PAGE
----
After Pulp Fiction became something of a phenomenon in 1994, there was a period where producers and filmmakers were practically tripping over themselves to follow its lead. The end result was a steady string of Quentin Tarantino knock-offs – overwritten crime films with “quirky” characters spouting “cool” dialogue. In many ways, Hunters, a new series created by David Weil and debuting soon on Amazon, feels as if it time-traveled to the present from that particular era. By the time a goofy montage unfolds scored to Dick Dale’s “Misirlou” – the surf guitar song that blasted over the Pulp Fiction opening credits – I started to wonder if Hunters would have any personality of its own.
The premise is solid: It’s the late 1970s, and America has been infiltrated by Nazis. The majority of the country is oblivious to this, but one small group of people have caught on. They’re the Hunters, a rag-tag team that has the market cornered on Nazi hunting. It’s a comic book-style scenario that Hunters leans into more than once, to the point where one character refers to the group as “Jew-perheroes” (more on dialogue like that in a bit).
Tradition dictates that we, the audience, can’t just simply jump directly into a world like this. We need some sort of surrogate, and we get one in the form of Jonah Heidelbaum (Logan Lerman), a New York kid who lives with his beloved grandmother (Jeannie Berlin) while dealing a little pot on the side. Jonah’s entire world is thrown upside down when his grandmother is murdered during a break-in. The cops think it was a robbery gone wrong, but Jonah isn’t so sure about that. And he’s right, of course. His grandmother was onto the existence of Nazis hiding in America, and was targeted as a result.
Enter Meyer Offerman (Al Pacino), an old friend of Jonah’s grandmother who takes Jonah under his wing. Meyer is the Professor X of the Hunters – their wealthy leader and guardian. As for the team itself, it features sarcastic, ass-kicking nun and former MI6 agent Sister Harriet (Kate Mulvany); the super cool, blacksploitation-inspired Roxy Jones (Tiffany Boone); a bickering elderly couple (Saul Rubinek and Carol Kane) great at codebreaking; Joe (Louis Ozawa), who seems to be the most skillful killer of the bunch; and Lonny Flash (Josh Radnor), a washed-up actor turned master of disguise. All of the characters are appropriately quirky and slightly exaggerated, a decision that the show seems to think is endearing when it’s anything but.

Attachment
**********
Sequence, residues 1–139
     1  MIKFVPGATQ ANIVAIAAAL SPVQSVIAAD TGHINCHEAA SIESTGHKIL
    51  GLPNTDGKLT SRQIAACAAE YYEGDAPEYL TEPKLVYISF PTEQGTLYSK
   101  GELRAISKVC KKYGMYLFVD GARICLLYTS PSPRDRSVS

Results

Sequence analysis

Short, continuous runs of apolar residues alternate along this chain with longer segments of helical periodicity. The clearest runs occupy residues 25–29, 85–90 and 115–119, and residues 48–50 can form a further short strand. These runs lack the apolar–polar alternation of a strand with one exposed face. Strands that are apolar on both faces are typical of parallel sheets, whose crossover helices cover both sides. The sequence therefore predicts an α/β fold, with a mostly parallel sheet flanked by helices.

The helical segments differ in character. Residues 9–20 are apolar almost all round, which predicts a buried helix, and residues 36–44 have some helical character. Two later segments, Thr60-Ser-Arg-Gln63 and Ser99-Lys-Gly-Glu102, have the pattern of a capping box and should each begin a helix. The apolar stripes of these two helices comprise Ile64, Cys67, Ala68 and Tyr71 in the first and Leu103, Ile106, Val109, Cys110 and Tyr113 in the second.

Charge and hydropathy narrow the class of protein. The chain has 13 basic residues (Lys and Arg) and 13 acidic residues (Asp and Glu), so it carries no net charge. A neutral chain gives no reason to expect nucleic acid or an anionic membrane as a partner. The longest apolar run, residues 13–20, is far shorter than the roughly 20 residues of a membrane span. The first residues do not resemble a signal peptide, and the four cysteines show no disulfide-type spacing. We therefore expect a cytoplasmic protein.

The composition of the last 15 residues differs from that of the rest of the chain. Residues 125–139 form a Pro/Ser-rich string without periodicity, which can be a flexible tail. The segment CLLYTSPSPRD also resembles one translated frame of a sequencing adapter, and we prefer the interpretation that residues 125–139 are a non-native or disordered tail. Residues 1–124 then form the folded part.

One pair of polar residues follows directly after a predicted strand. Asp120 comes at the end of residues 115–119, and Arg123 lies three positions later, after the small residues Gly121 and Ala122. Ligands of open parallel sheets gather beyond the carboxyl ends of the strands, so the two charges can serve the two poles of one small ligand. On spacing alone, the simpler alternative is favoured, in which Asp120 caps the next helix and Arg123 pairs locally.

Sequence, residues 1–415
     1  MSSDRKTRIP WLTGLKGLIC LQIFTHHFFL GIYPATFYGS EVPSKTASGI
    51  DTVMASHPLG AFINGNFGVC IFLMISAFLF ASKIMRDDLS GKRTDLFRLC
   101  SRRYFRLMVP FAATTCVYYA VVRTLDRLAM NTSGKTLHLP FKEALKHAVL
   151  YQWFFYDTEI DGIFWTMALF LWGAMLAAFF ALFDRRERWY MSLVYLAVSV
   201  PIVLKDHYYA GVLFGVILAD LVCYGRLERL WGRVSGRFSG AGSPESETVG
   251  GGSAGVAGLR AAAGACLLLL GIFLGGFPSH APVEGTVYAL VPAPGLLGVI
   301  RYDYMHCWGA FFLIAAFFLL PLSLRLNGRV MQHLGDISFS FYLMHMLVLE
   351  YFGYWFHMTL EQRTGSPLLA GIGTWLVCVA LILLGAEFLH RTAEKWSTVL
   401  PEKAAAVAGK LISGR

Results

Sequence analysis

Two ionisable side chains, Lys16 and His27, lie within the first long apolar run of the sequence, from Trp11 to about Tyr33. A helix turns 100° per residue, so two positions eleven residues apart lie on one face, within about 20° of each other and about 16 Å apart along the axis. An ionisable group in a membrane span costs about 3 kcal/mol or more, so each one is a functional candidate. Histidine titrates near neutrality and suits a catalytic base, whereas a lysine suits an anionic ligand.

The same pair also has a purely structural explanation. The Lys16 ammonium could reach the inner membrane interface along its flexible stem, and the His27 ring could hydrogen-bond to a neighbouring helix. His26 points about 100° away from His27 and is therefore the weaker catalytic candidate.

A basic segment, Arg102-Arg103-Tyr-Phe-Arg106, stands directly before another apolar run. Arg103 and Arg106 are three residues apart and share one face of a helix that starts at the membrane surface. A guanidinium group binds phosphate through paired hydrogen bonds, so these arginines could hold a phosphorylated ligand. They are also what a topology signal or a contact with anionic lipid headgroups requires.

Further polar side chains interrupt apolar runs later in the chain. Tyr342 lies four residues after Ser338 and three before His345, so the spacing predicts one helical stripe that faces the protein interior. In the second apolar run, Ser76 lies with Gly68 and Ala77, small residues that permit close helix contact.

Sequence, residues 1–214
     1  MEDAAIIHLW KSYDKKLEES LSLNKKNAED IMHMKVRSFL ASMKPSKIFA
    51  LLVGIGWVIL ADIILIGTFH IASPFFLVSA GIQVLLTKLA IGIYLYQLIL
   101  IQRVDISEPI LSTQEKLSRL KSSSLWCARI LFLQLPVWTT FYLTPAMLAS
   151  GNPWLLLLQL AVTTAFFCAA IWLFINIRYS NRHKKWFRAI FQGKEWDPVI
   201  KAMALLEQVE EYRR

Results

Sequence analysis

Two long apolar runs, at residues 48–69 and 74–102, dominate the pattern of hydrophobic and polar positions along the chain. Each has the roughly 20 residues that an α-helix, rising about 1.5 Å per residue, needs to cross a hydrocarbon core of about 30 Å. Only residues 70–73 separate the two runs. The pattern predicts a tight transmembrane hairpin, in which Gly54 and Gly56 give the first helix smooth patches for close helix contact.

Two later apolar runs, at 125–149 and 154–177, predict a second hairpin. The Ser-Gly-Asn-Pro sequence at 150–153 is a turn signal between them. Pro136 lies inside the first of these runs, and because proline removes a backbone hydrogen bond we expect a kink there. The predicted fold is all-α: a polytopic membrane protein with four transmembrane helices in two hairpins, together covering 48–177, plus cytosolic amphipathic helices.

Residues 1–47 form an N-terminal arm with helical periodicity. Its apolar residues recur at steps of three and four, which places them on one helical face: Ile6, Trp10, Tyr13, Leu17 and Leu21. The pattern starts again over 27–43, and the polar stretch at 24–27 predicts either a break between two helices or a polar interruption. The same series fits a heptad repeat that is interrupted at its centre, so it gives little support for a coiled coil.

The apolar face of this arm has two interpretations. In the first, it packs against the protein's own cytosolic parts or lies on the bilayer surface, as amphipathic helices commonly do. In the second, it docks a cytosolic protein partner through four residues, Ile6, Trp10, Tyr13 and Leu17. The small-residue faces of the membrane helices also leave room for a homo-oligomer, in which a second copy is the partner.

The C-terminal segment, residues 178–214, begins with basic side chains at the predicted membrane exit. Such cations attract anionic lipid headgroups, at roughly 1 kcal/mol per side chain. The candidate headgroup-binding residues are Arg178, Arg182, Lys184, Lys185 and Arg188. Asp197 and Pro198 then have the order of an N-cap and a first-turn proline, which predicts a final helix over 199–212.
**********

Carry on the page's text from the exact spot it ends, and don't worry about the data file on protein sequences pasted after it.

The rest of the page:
There’s nothing wrong with creating larger-than-life characters like this, but it helps if the material knows how to balance them out. Hunters, however, is a smorgasbord of tones, going for both over-the-top comedy and horrifying sorrow. Cartoonish splash-page montages exist back-to-back with unflinching flashbacks set in concentration camps. It takes a deft hand to encompass material like this – and that deft hand is severely lacking here. Instead of relying on character-and-world-building to pull us into this story, Hunters saddles itself with painfully on-the-nose moments, such as a scene where a Nazi recruit (Greg Austin) is doing his laundry at a laundromat, where he comes face-to-face with an African American woman. She notices a swastika tattoo on his shoulder, and he notices her noticing. While separating his clothes he glares at her and snarls, “When you don’t separate the whites from the coloreds, the coloreds always bleed.”
That’s about the level of subtlety at play here. And when Hunters isn’t stumbling with moments like that, it’s forcing painfully “cool” or punny dialogue on its characters. “I would’ve mazeled her tov!” the perpetually horny Lonny says, while another scene has someone else referring to the snooping Jonah as “Shylock Holmes.” You get the picture.
But it’s not all dire. When Hunters stops trying to be so quotable and idiosyncratic, it manages to conjure up some powerful moments, such as Jonah becoming perturbed by the violence he’s surrounding himself with; or in particularly brutal and unflinching flashbacks to the Holocaust. And while most of the supporting players are left adrift by poor character development, Pacino is pitch-perfect. In his later years, the great actor has developed a reputation for going big. But Pacino is surprisingly reserved here, playing Meyer as someone perpetually weary. Lerman is also quite good as Jonah, and he and Pacino have some strong, mostly quiet moments together. But Jonah is never that interesting, and once he introduces us to the world of the Hunters, his character starts to feel extraneous.
The flaws behind Hunters are too large to overlook, and yet the show is admittedly rewarding. Yes, you’ve seen all the Tarantino-style tricks the show throws at you before. And yes, the dialogue is bound to make you roll your eyes more than a few times. But the show’s angle of fascists gaining power in America while a group of people decide to finally fight back – and kick some Nazi ass – is undeniably entertaining, even cathartic. It’s too bad the show doesn’t have much else to offer.
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